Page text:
Last autumn, a kind family from the neighborhood gave us an older television. It was a big, sturdy clunker, the kind of thing you don’t mind putting in a family room with young children and nerf balls. They were even so kind as to haul it over to our home and set it up for us.
To return the kindness, I baked some of our traditional Ramadan cookies for them last December. I knew the mother, Natalie, enjoyed cookie exchanges over the holidays. Every Christmas, she baked over 20 dozen cookies and shared them with family and friends. I hoped my cookies would be a thoughtful gesture. Sure enough, I was right. The family adored the cookies and thanked me graciously.
A year later, Natalie called me one day. “I would really love to have your Ramadan cookie recipe,” she says, telling me how much she enjoyed them with her best friend. This year her best friend was going to take her to see Martina McBride (a country singer and songwriter) for her birthday. Afterwards they were going to have the pleasure of meeting her. “We want to bake your Ramadan cookies and include them in a Christmas gift for Martina McBride,” she went on to say. Wow.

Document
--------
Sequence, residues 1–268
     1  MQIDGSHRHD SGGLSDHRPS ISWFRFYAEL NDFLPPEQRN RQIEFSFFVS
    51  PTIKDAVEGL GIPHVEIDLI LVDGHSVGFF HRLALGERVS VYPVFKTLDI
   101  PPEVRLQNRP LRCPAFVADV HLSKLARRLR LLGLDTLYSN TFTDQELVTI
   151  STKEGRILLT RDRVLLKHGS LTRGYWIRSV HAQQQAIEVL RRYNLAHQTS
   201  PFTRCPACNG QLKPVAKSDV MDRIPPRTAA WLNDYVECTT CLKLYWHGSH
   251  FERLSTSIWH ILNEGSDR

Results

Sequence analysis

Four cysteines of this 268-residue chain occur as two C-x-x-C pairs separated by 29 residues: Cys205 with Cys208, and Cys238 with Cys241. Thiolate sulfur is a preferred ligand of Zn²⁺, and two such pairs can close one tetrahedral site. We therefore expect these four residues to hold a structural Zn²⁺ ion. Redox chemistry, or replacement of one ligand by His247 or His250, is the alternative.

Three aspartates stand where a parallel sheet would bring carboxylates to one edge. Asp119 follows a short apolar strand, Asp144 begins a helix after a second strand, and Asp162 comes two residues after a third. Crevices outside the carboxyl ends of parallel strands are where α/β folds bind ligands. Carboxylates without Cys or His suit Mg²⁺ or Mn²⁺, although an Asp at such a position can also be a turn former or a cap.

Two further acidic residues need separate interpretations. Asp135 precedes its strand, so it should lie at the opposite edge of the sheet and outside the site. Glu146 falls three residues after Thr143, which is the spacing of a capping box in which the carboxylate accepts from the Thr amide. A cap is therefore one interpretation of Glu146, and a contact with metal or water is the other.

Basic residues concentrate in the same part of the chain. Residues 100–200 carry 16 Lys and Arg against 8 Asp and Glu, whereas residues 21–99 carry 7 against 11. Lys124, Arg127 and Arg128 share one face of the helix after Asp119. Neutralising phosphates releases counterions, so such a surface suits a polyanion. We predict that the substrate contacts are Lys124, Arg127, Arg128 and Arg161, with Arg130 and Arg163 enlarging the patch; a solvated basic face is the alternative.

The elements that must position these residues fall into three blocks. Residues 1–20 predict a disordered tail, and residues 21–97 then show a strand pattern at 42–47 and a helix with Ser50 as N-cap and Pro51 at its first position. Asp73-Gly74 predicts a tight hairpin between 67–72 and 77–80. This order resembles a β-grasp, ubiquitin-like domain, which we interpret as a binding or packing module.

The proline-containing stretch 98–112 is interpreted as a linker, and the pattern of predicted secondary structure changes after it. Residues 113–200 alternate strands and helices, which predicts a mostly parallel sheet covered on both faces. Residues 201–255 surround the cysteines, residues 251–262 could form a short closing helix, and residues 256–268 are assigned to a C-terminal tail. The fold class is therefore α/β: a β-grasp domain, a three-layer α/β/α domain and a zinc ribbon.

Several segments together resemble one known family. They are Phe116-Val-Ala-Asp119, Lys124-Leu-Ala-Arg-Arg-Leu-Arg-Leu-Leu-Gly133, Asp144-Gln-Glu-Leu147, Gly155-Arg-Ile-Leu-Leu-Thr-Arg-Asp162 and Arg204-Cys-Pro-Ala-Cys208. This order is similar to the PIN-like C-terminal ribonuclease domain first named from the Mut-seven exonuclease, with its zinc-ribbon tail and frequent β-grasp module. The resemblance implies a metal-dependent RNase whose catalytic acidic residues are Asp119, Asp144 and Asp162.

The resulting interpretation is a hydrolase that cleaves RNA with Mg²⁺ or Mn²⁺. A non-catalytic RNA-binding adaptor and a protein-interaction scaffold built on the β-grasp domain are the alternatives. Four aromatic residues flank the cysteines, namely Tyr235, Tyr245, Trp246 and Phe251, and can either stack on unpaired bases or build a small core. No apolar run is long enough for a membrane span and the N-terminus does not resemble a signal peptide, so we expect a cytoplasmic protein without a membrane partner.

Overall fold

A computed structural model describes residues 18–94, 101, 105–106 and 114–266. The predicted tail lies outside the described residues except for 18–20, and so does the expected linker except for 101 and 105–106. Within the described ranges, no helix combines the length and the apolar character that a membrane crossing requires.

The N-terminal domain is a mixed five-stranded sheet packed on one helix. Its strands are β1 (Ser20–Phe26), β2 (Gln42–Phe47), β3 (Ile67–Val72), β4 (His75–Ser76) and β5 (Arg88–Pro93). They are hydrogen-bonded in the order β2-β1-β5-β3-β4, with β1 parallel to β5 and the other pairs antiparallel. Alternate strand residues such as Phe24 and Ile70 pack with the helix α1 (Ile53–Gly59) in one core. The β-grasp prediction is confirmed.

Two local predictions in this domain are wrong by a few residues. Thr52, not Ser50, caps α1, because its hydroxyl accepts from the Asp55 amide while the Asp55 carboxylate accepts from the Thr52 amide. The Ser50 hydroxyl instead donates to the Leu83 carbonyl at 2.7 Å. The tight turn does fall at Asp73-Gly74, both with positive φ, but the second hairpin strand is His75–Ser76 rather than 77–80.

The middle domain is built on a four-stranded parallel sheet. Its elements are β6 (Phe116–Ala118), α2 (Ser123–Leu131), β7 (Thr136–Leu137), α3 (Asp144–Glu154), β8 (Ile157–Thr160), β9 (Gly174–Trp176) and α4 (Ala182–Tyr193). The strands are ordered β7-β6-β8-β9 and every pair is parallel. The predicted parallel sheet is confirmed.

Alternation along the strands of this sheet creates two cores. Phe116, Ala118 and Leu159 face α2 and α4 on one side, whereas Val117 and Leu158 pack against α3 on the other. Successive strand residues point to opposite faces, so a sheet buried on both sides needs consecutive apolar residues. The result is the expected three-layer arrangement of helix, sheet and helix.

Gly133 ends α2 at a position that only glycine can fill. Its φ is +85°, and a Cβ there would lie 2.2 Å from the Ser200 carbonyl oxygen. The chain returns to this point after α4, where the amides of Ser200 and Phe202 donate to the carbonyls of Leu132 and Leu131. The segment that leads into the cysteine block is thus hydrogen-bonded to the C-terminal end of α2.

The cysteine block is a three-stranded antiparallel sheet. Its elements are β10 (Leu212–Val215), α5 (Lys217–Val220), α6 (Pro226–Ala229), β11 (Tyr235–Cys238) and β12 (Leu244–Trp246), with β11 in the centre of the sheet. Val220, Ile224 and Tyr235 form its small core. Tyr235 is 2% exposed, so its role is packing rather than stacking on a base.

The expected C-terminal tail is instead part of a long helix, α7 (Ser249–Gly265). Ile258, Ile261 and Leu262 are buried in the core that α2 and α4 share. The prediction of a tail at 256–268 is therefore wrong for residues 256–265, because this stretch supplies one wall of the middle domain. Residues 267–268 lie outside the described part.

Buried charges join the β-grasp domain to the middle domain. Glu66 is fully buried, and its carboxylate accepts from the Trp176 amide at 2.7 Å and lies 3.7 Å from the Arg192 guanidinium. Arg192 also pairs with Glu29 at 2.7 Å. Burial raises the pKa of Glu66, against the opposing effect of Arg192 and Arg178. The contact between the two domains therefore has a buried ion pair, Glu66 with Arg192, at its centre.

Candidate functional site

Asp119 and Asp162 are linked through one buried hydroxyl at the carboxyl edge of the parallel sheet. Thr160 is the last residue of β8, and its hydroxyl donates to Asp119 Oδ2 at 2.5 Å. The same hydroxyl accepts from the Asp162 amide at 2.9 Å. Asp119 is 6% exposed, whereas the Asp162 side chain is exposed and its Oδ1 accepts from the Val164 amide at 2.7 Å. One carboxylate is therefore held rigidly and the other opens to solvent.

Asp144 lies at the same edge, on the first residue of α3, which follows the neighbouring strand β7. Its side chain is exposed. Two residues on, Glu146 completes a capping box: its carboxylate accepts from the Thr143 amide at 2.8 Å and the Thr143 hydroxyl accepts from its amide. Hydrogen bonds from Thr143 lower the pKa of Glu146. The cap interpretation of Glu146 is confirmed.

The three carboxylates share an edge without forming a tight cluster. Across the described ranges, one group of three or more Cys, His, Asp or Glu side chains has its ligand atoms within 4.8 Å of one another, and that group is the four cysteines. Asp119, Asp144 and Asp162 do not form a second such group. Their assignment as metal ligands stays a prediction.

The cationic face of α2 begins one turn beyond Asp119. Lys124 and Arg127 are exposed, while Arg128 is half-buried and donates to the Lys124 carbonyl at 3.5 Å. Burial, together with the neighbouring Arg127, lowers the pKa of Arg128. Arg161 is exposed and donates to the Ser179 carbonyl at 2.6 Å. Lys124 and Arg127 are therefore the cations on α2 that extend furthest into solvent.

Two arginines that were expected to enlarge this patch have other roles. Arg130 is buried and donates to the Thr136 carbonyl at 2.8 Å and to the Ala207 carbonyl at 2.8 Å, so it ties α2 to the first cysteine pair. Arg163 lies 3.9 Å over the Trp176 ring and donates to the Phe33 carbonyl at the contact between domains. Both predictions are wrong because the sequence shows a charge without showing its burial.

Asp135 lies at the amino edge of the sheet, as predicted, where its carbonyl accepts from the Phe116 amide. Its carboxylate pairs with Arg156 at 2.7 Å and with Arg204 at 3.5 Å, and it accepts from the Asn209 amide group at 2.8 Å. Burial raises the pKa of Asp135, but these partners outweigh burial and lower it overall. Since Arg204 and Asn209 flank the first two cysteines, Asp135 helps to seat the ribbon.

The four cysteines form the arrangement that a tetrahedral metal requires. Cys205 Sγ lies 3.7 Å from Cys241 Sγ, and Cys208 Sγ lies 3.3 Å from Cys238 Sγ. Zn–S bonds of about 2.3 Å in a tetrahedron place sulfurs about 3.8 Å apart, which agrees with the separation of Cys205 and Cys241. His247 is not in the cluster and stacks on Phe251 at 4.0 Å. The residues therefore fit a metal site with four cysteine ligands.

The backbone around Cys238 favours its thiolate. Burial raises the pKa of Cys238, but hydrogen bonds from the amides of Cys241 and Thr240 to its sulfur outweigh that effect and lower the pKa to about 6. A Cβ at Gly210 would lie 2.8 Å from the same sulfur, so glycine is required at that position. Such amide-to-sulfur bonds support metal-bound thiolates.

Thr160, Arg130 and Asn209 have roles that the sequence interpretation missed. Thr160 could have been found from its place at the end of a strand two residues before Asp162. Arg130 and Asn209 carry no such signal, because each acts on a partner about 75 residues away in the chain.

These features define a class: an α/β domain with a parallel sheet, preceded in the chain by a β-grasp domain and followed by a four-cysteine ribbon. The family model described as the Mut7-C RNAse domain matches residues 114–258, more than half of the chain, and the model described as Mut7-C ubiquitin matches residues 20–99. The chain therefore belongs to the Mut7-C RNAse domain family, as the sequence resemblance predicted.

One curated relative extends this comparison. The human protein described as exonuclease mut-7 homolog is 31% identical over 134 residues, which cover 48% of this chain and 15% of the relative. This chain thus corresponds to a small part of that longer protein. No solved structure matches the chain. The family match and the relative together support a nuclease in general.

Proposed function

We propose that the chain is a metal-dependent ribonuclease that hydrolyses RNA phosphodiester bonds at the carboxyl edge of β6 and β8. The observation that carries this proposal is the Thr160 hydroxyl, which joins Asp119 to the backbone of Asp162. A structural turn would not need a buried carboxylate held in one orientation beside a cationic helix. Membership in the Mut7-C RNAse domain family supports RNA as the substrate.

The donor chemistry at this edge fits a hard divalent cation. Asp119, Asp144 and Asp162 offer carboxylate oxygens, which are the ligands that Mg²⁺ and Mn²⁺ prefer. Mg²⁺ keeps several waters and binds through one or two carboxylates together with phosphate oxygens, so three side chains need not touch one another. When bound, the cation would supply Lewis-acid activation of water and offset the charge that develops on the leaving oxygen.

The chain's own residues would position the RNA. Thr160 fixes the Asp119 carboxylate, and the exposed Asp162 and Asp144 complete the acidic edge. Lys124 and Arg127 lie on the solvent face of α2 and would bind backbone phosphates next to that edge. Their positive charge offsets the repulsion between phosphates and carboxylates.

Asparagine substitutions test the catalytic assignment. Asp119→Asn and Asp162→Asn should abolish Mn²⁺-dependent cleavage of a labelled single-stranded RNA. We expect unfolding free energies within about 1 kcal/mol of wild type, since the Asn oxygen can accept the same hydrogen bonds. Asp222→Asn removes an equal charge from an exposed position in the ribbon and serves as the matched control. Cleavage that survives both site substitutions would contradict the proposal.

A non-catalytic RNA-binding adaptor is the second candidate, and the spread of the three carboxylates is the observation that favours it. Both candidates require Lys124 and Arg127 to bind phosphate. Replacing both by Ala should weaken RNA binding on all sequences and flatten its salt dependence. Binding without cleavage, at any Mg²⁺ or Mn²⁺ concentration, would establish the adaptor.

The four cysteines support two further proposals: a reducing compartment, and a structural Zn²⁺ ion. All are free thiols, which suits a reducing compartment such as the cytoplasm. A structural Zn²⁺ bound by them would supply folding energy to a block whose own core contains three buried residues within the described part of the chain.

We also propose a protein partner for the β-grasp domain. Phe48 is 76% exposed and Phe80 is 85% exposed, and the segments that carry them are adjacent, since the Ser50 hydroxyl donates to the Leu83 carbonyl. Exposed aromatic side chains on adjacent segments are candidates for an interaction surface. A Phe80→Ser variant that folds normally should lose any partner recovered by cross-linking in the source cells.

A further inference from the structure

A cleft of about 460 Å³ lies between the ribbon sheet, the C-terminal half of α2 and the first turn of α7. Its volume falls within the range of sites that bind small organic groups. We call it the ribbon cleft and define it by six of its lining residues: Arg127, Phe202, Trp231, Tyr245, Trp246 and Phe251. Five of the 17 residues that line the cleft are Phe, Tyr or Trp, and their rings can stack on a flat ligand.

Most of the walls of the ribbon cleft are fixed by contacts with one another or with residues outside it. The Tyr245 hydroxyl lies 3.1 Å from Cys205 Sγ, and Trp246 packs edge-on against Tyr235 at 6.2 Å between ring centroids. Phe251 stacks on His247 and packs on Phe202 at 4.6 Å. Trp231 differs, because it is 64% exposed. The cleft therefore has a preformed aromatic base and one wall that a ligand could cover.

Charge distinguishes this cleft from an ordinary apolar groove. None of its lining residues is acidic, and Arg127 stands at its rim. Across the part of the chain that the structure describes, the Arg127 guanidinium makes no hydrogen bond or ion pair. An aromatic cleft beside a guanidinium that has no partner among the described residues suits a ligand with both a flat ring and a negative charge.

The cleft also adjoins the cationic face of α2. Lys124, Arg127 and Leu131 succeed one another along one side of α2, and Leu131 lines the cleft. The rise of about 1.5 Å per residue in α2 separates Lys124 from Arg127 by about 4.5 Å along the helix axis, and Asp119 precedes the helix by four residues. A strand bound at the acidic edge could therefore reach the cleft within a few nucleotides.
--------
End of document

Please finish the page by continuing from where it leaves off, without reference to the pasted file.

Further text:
I wondered if Natalie will tell Martina McBride about me, her Muslim neighbor. I wondered where my cookies would travel to next? Who else might try them and ask for the recipe? Sometimes, a simple conversation over cookies could become so much more. They may have just been cookies, but I felt my small act planted seeds of kindness for the future.
1 cup salted butter (at room temperature)
1/3 cup fine white sugar
2 tsp. vanilla extract
2 cups sifted all-purpose flour
11.5 oz. milk chocolate chips
Preheat oven 325 degrees F.
Combine first four ingredients in food processor, and pulse until well blended.
Remove from processor and add the chocolate chips. You want to use good quality chocolate chips for this recipe; I myself prefer the European style chips. To form the cookies, make small balls, the size of dates and roll in white fine sugar. Place on cookie sheet and bake at 325F for 25 to 35 minutes, or until they are slightly golden.
Sarah Ibrahim is a loving mother of two budding mountain climbers. She enjoys healthy cooking, reading and finding creative ways for family exercise.